Appropriate regulation of cell cycle progression is central to maintaining homeostasis in biological systems. In eukaryotes cell cycle regulation is exerted largely through a family of protein kinases known collectively as the cyclin dependent kinases or CDKs and their regulatory subunits, the cyclins. In the budding yeast, cell cycle progression is characterized, in part, by the sequential accumulation of distinct classes of cyclins which interact with a single CDK to provide the relevant inductive activity for that cell cycle interval. This research proposal is directed at understanding the regulation of one such class, the G1 cyclins. The budding yeast G1 cyclins consist of a family of proteins that are essential, rate-limiting activators of cell cycle initiation at Start. Consequently, regulation of their accumulation and activity is essential for maintaining appropriate timing of cell cycle initiation as well as for the ability to respond properly to environmental and physiological stimuli that regulate cell cycle progression. The CLN1 and CLN2 genes, which encode two of the G1 cyclins, are regulated primarily at the level of transcription initiation with peak expression occuring at the time of their required function. Transcriptional regulation oc CLN2 is conferred by two regulatory region called UAS1 and UAS2. Both are competent to confer cell cycle regulation to a heterologous reporter gene.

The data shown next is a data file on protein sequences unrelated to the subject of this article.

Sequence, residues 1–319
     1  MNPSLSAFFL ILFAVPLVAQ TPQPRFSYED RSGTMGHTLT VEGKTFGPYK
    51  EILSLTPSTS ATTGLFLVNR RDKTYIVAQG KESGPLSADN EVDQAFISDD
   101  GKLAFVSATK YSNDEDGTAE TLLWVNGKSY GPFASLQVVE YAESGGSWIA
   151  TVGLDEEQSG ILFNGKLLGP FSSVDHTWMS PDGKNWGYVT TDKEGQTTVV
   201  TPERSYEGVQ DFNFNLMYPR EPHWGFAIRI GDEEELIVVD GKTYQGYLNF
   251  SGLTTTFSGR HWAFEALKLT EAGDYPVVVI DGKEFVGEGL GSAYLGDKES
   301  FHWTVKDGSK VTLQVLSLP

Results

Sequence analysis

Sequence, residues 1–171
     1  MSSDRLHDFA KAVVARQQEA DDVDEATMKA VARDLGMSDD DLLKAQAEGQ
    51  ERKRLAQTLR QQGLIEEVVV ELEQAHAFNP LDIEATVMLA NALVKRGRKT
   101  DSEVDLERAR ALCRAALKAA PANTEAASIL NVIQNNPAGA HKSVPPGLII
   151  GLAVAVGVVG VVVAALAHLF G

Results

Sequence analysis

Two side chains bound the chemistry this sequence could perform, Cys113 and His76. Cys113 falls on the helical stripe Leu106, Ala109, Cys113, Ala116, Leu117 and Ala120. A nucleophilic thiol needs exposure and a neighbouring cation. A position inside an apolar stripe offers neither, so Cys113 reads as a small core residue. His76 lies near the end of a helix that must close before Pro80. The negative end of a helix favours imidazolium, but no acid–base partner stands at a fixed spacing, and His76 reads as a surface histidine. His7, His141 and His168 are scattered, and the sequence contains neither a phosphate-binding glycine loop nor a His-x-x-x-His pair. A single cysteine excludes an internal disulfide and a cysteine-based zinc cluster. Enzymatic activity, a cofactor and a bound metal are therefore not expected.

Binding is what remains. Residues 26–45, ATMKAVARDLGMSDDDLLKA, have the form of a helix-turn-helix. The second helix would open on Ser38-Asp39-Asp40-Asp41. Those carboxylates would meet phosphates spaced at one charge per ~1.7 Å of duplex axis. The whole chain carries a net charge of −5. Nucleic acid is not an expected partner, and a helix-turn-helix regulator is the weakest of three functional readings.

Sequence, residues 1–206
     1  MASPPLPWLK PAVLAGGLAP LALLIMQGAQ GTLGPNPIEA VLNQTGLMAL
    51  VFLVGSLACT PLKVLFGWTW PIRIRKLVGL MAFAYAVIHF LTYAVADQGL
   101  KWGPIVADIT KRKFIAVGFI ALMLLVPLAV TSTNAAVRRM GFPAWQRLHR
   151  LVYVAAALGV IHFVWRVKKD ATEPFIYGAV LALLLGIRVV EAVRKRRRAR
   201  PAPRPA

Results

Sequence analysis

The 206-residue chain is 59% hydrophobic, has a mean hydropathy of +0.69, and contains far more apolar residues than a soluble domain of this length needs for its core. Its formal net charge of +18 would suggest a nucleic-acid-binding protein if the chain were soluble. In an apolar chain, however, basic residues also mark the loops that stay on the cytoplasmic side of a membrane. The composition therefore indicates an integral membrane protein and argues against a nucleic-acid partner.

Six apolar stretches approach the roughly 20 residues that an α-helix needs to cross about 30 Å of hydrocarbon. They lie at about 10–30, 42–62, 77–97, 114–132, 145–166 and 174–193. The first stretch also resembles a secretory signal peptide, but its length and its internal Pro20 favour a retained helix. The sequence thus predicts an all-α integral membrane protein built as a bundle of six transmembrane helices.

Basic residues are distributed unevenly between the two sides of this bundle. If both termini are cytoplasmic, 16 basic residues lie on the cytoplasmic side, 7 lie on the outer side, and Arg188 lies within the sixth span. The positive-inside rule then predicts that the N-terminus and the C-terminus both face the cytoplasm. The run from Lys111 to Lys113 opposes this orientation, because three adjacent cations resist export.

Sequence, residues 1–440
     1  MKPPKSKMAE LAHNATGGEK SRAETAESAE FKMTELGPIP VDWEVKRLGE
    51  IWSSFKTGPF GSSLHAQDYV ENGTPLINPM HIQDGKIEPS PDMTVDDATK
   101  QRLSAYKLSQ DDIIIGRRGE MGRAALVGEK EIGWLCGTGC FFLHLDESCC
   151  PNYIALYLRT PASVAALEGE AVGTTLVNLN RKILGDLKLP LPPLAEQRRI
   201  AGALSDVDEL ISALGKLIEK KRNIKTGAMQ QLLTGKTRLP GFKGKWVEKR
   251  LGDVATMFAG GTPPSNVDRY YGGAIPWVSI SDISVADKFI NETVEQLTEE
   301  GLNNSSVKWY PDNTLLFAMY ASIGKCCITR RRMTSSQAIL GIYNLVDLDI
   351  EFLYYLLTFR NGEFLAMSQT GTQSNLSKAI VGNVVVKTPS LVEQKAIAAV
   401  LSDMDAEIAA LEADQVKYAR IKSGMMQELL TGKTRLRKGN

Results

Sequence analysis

The specific aims of this proposal are: 1) To determine the physiological role of the CLN2 transcriptional regulatory regions, UAS1 and UAS2, in cell cycle regulation through genetic and physiological studies, 2) To define the minimal UAS2 element and identify trans-acting factors required for its activity using biochemical and genetic approaches, 3) To characterize the state of trans- acting factors of UAS1 and UAS2 and their interaction with the CLN2 promoter with respect to transcriptional activation of CLN2.
This aim will be accomplished through application of both biochemical and genetic approaches. Accomplishment of these Specific Aims will provide us with a more thorough understanding of the mechanisms governing activation of G1 cyclin gene expression and as a result the regulation of cell cycle initiation in yeast. We anticipate that this knowledge will be applicable to the study of cell cycle regulated gene expression and cell cycle control in animal cells. The basis for this prediction is provided by the existence of analogous genes in mammalian systems and the demonstration that inappropriate expression is associated with defects in organismal development and with malignancy.
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